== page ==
IV Nutrient Therapy Lounge

By Dr. Samantha Larkin, ND – Associate Doctor and Manager of the Spark IV Program 

One of our most popular full-size vitamin IVs is our “Energize” IV. This vitamin IV is a fantastic choice for athletes and is packed full of nutrients to help nourish the body, prevent cellular damage, and rebuild muscle.

Exercise significantly increases micronutrient needs, since working out makes all of the body’s metabolic processes work harder and faster. Some of the most common micronutrients that are deficient in athletes include magnesium, calcium, vitamin C, and B vitamins. Our goal is to replete as many of these nutrients as quickly as possible using IV nutrient therapy. IV nutrient therapy offers these nutrients at 100% bioavailability. The nutrients go directly into the vein, bypassing the digestive tract and preventing the need for the body to process the nutrients before delivering them to target tissues. 

Let’s talk about some of the star nutrients in this vitamin IV:


Taurine is a superstar when it comes to supporting the muscle tissue. It is found in large amounts in the skeletal muscle and is critical for maintaining the proper force needed for muscle contraction. It is also a known antioxidant and has been shown in research to prevent the pro-oxidant effects of exercise, making it great for athletes. (3) Taurine is well-supported in research as being protective for the cardiovascular system, and also has the ability to stimulate the GABA receptor, which helps promote relaxation and improves sleep. Sleeping better at night means more energy and enhanced performance during the day!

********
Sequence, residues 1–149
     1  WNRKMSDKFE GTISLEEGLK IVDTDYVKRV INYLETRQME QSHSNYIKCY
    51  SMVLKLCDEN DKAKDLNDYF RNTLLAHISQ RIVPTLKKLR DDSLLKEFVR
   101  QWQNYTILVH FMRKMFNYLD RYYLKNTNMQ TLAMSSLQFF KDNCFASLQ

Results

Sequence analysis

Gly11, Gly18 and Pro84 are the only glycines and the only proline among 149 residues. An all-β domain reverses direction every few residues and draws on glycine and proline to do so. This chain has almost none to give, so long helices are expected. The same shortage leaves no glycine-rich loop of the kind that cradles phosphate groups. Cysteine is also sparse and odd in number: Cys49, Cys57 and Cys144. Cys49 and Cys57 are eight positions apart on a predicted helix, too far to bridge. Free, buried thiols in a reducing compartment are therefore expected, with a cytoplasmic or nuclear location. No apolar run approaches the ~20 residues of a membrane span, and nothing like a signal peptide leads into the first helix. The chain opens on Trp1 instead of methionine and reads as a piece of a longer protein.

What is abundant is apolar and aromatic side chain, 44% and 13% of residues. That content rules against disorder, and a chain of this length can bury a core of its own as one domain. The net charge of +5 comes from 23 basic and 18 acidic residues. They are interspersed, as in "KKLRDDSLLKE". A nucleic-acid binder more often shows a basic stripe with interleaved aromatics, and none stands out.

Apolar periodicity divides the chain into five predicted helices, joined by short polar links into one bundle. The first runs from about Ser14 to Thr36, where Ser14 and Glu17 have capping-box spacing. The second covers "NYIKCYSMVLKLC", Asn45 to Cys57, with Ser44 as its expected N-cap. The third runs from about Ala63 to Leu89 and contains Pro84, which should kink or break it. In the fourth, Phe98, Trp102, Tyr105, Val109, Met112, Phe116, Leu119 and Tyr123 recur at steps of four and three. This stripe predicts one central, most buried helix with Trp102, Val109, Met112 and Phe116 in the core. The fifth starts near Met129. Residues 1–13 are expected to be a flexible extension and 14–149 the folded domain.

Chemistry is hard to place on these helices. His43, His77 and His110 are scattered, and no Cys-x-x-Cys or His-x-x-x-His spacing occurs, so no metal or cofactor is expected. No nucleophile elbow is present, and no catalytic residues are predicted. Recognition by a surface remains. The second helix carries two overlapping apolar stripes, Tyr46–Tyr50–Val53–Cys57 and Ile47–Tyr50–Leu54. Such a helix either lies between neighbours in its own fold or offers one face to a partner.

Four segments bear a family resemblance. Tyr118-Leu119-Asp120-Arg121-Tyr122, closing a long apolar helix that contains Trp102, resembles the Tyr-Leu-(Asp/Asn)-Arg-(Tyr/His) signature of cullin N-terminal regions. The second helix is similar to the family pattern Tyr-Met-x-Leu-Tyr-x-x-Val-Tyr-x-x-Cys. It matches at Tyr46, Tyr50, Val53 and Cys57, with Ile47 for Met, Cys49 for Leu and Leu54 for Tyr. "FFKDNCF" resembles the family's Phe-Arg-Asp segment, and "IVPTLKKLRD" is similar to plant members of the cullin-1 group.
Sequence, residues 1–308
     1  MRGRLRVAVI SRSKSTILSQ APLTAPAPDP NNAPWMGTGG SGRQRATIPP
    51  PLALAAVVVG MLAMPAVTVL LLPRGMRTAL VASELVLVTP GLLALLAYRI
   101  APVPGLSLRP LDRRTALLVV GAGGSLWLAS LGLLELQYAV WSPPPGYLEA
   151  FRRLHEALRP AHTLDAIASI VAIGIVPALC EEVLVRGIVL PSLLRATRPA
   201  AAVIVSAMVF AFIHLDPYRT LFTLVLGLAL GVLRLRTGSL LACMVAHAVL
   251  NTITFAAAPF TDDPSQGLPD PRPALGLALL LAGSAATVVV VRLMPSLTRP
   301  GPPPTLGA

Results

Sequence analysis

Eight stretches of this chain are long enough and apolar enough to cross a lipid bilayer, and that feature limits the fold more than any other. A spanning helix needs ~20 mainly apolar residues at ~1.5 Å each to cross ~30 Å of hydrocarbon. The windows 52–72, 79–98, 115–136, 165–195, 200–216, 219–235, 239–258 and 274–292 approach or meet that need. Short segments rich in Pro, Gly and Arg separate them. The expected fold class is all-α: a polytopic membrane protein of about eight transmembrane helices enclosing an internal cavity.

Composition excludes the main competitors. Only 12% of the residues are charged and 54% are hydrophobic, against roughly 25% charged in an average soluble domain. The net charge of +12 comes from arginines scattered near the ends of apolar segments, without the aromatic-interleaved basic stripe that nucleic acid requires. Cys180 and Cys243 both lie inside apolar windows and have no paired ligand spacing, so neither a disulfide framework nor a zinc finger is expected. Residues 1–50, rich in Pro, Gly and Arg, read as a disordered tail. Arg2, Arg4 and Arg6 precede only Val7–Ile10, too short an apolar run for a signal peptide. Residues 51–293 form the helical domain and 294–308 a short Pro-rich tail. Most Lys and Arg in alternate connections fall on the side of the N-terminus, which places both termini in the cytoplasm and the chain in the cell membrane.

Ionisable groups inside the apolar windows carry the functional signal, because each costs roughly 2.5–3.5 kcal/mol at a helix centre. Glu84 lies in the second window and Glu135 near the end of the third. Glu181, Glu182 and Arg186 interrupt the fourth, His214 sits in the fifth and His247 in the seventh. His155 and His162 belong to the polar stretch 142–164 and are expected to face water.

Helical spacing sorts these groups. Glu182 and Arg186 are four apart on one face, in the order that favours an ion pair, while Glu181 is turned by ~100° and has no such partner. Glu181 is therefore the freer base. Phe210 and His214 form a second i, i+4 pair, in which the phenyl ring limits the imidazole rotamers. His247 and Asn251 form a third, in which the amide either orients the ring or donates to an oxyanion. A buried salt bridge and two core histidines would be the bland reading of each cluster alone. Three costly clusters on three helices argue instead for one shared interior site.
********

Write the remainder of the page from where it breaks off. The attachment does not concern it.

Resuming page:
Taurine can also help increase your endurance as an athlete. It has been shown in research that just 7 days of taurine supplementation induced significant increases in VO2 max and cycle ergometer exercise time to exhaustion, likely due to taurine’s superior antioxidant activity and its ability to improve cellular protection. (2)


L-carnitine is well-known for optimizing the function of mitochondria, our body’s tiny energy-producing machines which are located in all of our cells. Our muscles are packed full of these tiny energy machines, so when these are working optimally, we perform at our best.

L-carnitine is also known to support our nerves, brain, and heart. It is an important building block for certain neurotransmitters that are needed for optimal cognitive functioning. (1)


Amino acids are the building blocks of proteins, and proteins are the building blocks for muscle, so it is no wonder that they are crucial for athletic performance. These amino acids are important for supporting the body’s biochemical processes, decreasing fatigue during physical activity, and improving muscle recovery.

There are two varieties of amino acids: essential and non-essential. Essential amino acids can’t be made in the body, so we must get them through food or supplementation. Although we can synthesize non-essential amino acids ourselves, we are often depleted of them. For these reasons, we add a generous dose of amino acids to our “Energize” Vitamin IV.